This is apart from the fact that the Dow generated the biggest annual gains in 18 years with 26.5% return.
The Dogs generally represent the 10 highest yielding DJIA blue chip companies that are near the bottom of their business cycle and thus pay higher dividend yields (due to depressed stock prices) (read: 3 Best Dividend ETFs of 2013).
High dividend yields suggest that these stocks are in the oversold territory and will rebound faster than any other stock when the business cycle changes. This would result in higher capital appreciation over the one-year period along with juicy yields.
For 2014, the Dogs of the Dow include AT&T (NYSE:T), Verizon (NYSE:VZ), Merck (NYSE:MRK), Intel (NASDAQ:INTC), McDonald’s (NYSE:MCD), Pfizer (NYSE:PFE), Chevron (NYSE:CVX), Cisco (NASDAQ:CSCO), General Electric (NYSE:GE) and Microsoft (NASDAQ:MSFT).
Investors could easily play these Dogs with the only pure play product in the space – ELEMENTS DJ High Yield Select 10 ETN (NYSEARCA:DOD). The ETN follows the Dow Jones High Yield Select 10 Total Return Index, which uses the Dogs of the Dow strategy by investing in the stocks with the highest dividend yield in DJIA.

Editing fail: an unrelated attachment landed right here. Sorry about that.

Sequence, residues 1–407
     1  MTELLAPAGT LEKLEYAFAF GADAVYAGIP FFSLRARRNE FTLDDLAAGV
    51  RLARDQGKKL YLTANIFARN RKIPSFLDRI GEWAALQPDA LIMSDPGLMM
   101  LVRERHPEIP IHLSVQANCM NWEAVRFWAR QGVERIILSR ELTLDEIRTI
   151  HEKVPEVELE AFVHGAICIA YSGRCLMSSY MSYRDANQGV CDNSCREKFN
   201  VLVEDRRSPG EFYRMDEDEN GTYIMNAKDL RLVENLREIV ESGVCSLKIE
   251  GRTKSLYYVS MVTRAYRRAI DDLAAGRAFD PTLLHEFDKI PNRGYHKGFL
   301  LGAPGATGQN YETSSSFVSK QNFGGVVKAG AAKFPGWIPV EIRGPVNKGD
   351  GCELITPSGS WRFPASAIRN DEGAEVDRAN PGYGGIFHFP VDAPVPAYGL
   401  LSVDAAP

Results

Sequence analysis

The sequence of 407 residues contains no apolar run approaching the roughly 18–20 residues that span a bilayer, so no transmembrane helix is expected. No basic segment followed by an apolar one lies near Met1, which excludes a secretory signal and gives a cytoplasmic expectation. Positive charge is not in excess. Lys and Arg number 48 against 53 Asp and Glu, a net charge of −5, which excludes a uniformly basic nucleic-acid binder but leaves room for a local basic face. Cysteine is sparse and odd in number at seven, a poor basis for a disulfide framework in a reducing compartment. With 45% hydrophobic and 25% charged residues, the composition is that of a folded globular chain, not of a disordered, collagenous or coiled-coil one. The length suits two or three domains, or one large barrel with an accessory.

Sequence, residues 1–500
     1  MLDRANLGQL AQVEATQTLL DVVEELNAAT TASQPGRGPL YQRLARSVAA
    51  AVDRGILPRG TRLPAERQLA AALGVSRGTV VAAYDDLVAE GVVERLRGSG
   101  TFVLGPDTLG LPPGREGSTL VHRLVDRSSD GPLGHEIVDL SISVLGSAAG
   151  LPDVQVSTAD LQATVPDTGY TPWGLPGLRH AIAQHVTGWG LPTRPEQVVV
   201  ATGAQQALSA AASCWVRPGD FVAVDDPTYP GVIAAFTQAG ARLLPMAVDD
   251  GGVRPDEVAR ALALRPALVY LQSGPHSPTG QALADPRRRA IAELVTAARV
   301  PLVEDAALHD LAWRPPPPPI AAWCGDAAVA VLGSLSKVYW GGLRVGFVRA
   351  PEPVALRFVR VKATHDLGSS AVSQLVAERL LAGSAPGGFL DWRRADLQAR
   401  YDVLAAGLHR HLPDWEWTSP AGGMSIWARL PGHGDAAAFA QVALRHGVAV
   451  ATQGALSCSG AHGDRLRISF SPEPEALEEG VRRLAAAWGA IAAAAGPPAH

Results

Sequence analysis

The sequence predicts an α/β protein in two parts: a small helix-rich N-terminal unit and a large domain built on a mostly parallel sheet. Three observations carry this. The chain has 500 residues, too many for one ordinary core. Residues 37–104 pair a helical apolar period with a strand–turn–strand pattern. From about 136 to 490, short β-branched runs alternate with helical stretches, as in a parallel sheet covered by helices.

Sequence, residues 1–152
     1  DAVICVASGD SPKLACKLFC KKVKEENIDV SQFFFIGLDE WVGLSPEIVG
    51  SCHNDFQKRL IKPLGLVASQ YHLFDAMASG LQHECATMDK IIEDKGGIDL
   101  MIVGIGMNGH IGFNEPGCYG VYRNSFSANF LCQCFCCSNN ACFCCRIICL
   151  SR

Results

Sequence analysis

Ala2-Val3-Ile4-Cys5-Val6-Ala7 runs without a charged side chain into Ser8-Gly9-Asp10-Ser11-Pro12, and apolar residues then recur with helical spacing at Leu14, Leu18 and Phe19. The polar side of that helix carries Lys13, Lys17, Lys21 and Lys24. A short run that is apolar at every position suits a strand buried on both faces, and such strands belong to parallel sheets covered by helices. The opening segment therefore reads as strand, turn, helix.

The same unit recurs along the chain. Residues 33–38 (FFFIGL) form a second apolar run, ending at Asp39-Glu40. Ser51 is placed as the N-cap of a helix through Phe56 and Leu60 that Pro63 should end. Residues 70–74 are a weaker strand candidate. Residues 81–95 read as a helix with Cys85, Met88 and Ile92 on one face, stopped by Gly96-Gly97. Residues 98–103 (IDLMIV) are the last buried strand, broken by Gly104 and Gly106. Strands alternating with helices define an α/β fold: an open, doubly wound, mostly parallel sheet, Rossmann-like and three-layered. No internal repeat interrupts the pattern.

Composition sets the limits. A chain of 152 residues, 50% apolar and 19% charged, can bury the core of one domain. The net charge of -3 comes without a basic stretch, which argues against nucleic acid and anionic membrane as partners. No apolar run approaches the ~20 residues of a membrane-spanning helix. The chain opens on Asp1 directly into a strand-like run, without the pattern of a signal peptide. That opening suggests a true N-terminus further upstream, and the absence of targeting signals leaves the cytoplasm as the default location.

The note has amassed $22.9 million in its asset base while charges 75 bps in fees per year. Volume is light as it exchanges less than 19,000 shares in hand on average daily basis. This suggests additional cost for this unpopular and illiquid fund in the form of a wide bid/ask spread.
DOD was up 35% in 2013 but lost about 1% so far this year.
Investors should note that the Dow Dogs may not necessarily offer a nice portfolio every year as it underperformed in 2012. The performance of these stocks and the ETN depend on bull or bear markets and investors need to take great caution while investing in these companies (see all the top ranked ETFs here).
However, given last year’s performance and some hopes for more strength in large caps this year, this could be an interesting play for 2014, and especially so for investors who like the idea of the ‘Dogs of the Dow’ theory in exchange-traded form.
This article is brought to you courtesy of Eric Dutram.